Home > Newest Books > Their Mate (Daughters of Olympus #2)

Their Mate (Daughters of Olympus #2)
Author:Charlie Hart & Anastasia James

Their Mate (Daughters of Olympus #2)

Charlie Hart & Anastasia James


Life unfolded in a way that broke me, crushing my dreams in one fell swoop.

The dreams had been so sweet, so true—born from love that was pure.

But that love was destroyed, turned to something ruinous.

Are you, daughter, ruined too?

All my girls have been dealt a hand no mother would ever choose.

But you may have been given the harshest blow.

Your veins run with blood forged with fury.

Your heart beats for revenge before it beats for mercy.

When this battle begins I fear for you.

Your bones and marrow hum a song that only vengeance sings.

But you, daughter of Olympus, can learn another tune.

The song of my heart.

Do you hear it?

Chapter 1


The bakery owner is on my ass and not in a sexy way. It’s a run-for-my-life-so-I-don’t-get-caught-stealing kinda way. Pretty much worst-case scenario, which is saying something considering I’ve been living on the streets for the last year.

“Stop,” he calls after me as I book it up a steep Seattle hill. Why I ever decided to try to make a go of it here in this rained-out, gray city is beyond me. If it weren’t for my steel-toed combat boots my feet would be waterlogged 24/7. “I’ll call the cops!”

I snort through my gritted teeth. Like hell am I gonna stop now. Pulling my backpack straps tighter, I keep pushing through, side ache and all. I knew I was playing with fire, camping out in the back room of a bakery I had no business being in, but I was desperate. There was a wild storm last night and I needed cover.

Looking over my shoulder, I see I’ve lost the poor guy. I’ve always been good at running, and it’s come in handy more often than I like. Muttering suck it under my breath, I dodge down an alley, leaning against a brick building as I catch my breath.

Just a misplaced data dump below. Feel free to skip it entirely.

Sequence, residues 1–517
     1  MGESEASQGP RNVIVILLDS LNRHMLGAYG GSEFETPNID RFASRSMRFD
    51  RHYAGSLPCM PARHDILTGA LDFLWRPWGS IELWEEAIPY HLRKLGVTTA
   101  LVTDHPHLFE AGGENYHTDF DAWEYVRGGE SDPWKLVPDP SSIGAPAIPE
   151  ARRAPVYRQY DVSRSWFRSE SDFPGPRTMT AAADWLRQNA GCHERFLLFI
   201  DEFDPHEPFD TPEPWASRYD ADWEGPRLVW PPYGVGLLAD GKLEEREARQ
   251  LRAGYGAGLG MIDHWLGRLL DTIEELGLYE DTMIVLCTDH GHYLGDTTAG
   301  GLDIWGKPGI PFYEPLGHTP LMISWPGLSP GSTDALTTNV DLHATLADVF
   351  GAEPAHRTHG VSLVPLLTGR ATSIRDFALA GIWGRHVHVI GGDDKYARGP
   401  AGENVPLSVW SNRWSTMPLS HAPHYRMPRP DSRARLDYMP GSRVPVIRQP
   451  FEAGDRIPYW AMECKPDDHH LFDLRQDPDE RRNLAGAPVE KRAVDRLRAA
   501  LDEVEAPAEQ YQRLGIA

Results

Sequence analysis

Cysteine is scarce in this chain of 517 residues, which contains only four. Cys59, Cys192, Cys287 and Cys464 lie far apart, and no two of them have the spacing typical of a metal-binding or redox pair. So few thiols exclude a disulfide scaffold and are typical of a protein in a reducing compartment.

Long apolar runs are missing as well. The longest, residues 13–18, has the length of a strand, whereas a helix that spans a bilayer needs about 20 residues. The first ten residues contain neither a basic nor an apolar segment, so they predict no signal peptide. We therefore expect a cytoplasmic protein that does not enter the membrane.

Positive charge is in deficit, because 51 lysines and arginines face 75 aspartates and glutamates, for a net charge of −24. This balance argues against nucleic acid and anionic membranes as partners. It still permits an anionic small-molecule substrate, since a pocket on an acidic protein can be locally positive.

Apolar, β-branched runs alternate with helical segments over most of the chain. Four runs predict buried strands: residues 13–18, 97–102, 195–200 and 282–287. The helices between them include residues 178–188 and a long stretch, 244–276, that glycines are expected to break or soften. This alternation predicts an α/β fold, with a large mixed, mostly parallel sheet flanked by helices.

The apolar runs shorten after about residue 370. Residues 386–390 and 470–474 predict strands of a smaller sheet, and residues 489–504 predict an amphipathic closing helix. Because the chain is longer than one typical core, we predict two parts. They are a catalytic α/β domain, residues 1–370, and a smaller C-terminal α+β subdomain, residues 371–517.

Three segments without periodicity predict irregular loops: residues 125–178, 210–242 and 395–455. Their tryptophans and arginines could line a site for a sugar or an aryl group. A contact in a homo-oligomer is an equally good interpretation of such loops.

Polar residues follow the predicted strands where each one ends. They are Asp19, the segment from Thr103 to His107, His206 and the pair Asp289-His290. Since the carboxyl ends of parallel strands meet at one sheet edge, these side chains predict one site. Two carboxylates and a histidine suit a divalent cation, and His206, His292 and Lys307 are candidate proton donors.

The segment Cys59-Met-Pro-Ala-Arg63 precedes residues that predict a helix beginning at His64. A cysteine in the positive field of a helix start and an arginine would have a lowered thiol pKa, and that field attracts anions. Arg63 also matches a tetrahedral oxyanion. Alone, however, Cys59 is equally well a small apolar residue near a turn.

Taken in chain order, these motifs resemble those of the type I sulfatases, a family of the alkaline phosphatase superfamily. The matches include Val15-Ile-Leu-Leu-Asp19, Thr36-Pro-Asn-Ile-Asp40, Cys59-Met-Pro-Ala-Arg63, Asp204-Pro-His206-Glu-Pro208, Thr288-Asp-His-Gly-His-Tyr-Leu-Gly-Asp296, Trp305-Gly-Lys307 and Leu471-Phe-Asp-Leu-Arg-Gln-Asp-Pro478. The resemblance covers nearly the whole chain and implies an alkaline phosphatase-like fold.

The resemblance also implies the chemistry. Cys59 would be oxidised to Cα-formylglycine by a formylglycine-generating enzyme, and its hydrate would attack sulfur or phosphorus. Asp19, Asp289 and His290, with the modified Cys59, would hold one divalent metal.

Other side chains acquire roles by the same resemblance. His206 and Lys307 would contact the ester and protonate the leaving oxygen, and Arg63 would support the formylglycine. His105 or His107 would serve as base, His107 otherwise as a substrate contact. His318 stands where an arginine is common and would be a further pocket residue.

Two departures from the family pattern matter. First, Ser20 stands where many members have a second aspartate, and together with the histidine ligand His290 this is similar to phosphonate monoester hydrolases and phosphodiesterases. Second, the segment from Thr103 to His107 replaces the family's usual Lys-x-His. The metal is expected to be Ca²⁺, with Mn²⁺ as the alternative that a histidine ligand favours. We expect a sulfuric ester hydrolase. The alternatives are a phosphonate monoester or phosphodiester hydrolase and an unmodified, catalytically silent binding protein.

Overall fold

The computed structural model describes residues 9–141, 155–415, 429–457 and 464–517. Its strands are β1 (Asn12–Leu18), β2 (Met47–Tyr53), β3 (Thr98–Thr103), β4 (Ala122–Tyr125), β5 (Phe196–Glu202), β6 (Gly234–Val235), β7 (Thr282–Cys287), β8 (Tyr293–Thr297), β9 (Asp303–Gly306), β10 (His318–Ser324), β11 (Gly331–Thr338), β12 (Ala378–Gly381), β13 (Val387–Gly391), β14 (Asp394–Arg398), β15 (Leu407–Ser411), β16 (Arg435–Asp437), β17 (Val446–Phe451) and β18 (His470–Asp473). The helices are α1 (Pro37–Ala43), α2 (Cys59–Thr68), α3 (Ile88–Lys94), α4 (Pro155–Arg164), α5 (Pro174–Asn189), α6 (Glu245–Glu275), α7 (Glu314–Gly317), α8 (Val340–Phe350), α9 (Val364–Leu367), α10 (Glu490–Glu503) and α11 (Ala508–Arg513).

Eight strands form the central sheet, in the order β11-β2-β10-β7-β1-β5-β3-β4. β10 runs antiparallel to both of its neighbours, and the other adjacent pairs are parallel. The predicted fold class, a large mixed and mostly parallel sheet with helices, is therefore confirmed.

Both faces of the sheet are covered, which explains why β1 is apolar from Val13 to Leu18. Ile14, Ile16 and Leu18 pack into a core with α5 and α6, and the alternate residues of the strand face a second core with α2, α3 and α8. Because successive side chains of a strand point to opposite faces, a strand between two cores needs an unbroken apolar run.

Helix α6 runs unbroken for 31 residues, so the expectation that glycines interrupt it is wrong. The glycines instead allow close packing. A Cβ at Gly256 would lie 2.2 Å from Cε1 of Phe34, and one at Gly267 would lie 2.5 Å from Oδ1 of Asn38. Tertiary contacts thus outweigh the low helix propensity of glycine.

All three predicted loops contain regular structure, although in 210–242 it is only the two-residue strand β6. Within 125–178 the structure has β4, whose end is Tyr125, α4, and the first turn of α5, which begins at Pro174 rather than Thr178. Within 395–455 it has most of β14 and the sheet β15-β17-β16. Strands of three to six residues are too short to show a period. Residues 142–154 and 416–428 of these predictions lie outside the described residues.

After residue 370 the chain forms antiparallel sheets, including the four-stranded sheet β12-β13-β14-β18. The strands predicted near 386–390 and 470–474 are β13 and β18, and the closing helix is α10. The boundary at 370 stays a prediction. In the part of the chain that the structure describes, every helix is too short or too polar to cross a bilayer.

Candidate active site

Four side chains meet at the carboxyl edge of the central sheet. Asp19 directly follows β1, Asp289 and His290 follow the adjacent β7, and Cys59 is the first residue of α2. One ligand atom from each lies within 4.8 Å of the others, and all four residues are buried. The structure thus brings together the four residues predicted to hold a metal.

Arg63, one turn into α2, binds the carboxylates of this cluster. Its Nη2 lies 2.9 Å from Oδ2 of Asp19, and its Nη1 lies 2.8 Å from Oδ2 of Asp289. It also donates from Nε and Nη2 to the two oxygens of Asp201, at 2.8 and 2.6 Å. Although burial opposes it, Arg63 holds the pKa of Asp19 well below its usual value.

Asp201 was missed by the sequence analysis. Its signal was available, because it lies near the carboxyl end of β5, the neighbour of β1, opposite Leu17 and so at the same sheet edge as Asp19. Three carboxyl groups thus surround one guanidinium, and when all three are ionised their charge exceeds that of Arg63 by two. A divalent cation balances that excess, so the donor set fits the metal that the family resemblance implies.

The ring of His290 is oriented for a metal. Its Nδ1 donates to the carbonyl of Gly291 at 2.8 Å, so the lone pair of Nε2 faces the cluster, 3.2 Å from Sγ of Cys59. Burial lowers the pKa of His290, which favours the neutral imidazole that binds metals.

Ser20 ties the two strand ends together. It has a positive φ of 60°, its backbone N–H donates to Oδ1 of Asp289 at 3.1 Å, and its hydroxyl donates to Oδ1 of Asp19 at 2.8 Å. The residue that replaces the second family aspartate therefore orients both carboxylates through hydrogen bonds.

I come from the school of hard knocks, and know a thing or three about pulling up my bootstraps—but I am eerily close to rock bottom, I feel it in my bones. Reaching into my backpack, I pull out the still-warm baguette I grabbed as I fled the scene. I cradle the freshly baked bread in my arms like it’s a freaking baby. I mean, this loaf is just as precious as a child, considering I haven’t had a proper meal in a helluva long time.

The shelter downtown doesn’t exactly let me come around anymore.

Taking a bite of breakfast, I roll my eyes at the memory of that freaking place. I had every right to call them out on their bullshit. They turned a kid away because he’d already gotten his one hot meal for the day and tried to get another. What was the kid supposed to do? He must have been fourteen. I felt for him, mostly because I’ve been in survival mode for a long-ass time—I knew where that kid was coming from. When I gave him my bowl of chili and made a huge scene, using a few R-rated words, I was shown the door.

Fuck You Fucking Gatekeepers.

Okay, so I don’t have what you’d call a tame tongue or a great handle on how to please people, but why would I?

I finish the bread as I walk toward the Seattle Public Library. It’s warm, has free wi-fi, and a bathroom that doesn’t smell like urine. As I head down Pine, construction workers whistle, giving me catcalls.. I flip the middle finger and keep walking, knowing they’re staring at my ass as I move. It isn’t flattering—it’s just fucking gross. A block later a guy in a business suit looks me up and down, as if memorizing my curves, and I scoff as I pass him. I may be at the end of my rope in a lot of ways, but my body is mine—no one else’s. And I’m not sharing any of it unless the man in question is someone I actually want.